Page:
Meet the Darvick family! Faith and tradition were important foundations in the Darvick household as they raised their children, and now are coming full circle with the welcoming of a new generation. We’re inspired by their story of making dinners together such a strong priority that it’s now a tradition that keeps the whole family — grandparents, parents, and children — connected.
Debra and Martin Darvick, of Birmingham, Michigan; their daughter Emma, of Brooklyn, NY; and son Elliot, his wife Elizabeth, and a new baby daughter, who hail from Huntington Woods, Michigan.
“We are a Jewish family,” Debra shares, “and when the kids were little, we began having the traditional Friday night Sabbath dinner.” The Darvicks began inviting friends to join them on Fridays, and eventually, “My daughter and her friends recalled Friday nights as one big party.” Sharing the weekly meal with friends meant they could also share the workload — each family would contribute a potluck dish, and after the meal, everyone would stay for extra fun and conversation together. But when the kids grew up, the families stopped gathering as frequently. Mealtimes went back to the individual households.
“Now things are shifting again, and we’re back to gathering.” Debra says. “Not every week perhaps but definitely twice a month or so. So the goal would be to keep recapturing what we planted all those years ago.”
When the Darvick kids were teens, the biggest challenge for Debra and Martin was making sure that they stuck with prioritizing their family dinners, despite the usual scheduling challenges that come with raising kids. Debra says she was determined that “high school activities were not going to be more important than this family tradition,” even though it sometimes meant she encountered resistance, especially from son Elliott. Still, the Darvicks persisted in making Friday night dinner the rule rather than the exception, allowing the kids to go out with friends later but not to skip the traditional family gathering.
“In high school we gave him five ‘get out of dinner’ passes, which he ended up rarely using. By junior year he confessed his gratitude for the dinners…our ‘strictness about these stupid dinners’ gave him a great out when his friends tried to sway him to challenge us.”
Debra says that for her family, keeping dinners fun and special was the key. The Darvicks accomplished that goal by always inviting friends so that everyone at the table had someone special to be with. But she stresses that “fun” and “special” don’t have to mean that dinnertime is perfect — she learned along the way that it was best to relax and let things be casual. At the Friday night Shabbat dinners in the Darvick household, Debra recalls that the traditional blessings and candles were offered alongside potluck dishes. Conversations were steered towards what the kids were learning in school, and purposely kept away from distressing or irritating topics like taxes, politics or wars whenever possible. “The idea was to make it very special with extra good food, having company or going to friends’ houses.”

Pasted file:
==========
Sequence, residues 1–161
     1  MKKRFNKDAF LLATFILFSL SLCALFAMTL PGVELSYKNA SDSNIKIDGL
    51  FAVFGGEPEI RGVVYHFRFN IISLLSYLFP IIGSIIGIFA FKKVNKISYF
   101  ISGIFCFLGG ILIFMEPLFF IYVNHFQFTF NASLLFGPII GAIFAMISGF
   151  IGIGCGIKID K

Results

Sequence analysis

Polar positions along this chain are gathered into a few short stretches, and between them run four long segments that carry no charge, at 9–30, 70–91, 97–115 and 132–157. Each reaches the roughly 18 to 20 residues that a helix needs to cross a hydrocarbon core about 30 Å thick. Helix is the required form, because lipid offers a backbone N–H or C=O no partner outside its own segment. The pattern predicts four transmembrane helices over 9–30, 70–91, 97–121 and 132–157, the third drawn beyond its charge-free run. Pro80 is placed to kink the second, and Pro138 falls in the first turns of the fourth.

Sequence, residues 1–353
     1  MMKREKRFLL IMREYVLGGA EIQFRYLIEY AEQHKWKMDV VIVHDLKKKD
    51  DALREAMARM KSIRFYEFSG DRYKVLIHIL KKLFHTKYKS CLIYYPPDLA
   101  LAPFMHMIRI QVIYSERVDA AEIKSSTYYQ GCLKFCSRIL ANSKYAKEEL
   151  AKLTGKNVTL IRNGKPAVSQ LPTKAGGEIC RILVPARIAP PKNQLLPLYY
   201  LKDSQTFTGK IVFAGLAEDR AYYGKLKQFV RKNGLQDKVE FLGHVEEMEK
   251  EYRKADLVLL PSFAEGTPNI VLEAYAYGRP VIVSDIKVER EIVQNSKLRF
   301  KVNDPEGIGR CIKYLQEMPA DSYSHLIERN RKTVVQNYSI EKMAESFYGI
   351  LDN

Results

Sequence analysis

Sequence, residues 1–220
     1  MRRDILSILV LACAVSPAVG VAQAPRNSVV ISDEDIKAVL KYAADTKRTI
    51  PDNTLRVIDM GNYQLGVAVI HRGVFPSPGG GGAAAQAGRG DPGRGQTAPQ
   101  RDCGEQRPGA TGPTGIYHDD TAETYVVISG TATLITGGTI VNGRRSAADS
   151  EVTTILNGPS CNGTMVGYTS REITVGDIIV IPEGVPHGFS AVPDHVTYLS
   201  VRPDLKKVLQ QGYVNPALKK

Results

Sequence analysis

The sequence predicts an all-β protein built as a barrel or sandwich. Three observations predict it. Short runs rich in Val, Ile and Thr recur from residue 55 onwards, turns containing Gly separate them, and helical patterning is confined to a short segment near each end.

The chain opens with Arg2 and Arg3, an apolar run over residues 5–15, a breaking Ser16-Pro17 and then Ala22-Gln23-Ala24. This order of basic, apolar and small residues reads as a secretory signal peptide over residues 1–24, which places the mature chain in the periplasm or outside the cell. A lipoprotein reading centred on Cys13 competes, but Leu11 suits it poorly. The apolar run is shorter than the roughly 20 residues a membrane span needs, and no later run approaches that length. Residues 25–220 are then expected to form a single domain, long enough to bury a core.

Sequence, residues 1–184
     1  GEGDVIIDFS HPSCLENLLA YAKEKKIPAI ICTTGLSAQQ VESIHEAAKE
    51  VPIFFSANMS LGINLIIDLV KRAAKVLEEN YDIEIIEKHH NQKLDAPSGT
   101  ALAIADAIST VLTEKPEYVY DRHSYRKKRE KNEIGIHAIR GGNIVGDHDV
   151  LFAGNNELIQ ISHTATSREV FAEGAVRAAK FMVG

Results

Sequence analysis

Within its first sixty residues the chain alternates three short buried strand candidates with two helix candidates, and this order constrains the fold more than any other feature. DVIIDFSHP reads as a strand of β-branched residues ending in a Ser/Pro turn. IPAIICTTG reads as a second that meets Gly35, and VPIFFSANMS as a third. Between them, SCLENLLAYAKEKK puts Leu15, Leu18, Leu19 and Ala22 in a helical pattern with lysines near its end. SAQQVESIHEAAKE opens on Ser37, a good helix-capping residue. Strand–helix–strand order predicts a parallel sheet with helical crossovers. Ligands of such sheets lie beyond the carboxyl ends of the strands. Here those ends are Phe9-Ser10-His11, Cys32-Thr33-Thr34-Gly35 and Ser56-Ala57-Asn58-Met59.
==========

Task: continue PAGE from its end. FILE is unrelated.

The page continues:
While the Darvicks’ Shabbat dinners were usually potluck-style to help share the burden among the families, there were some favorite recipes that have stayed on the menu and will now be shared with their new grandchild as she grows into family dinners. 40 Clove Garlic Chicken is one staple on Debra’s table.
Realizing how important family dinners were to her, her husband and children for so many years, Debra is now focusing on reclaiming the tradition and passing it on to the next generation. As her new granddaughter grows, Debra plans to share some of the conversation starters, ideas and resources from The Family Dinner Project with her son Elliott and his wife and help them incorporate them into a new Shabbat dinner tradition.
“We went to their house for the first Sabbath dinner after they brought the baby home from the hospital. I cannot tell you how wondrous it was to watch my son hold his daughter as he blessed her, and as he recited the blessing praising his wife. I realized that the tradition I began, somewhat shyly and uncertainly so many years before, was now gracing a third generation.”
The Best Part:
Debra says that for her, the best part of family dinners was “the deep feeling of connection to generations before me who made Sabbath dinner a priority and the idea that Jewish families across the world (not all but many) were doing much the same thing….The feeling that we were anchoring our kids to something beyond us all.” To other families who are now considering starting a family dinner routine, she says: “Do it! Whatever works for your family, set aside the phones and devices. Focus on one another. Modify how many teams the kids are on and how much you will allow those outside activities to shred family life.”
Do you have your own family dinner project to share with us? We’d love to hear from you and consider featuring your family! Contact Us.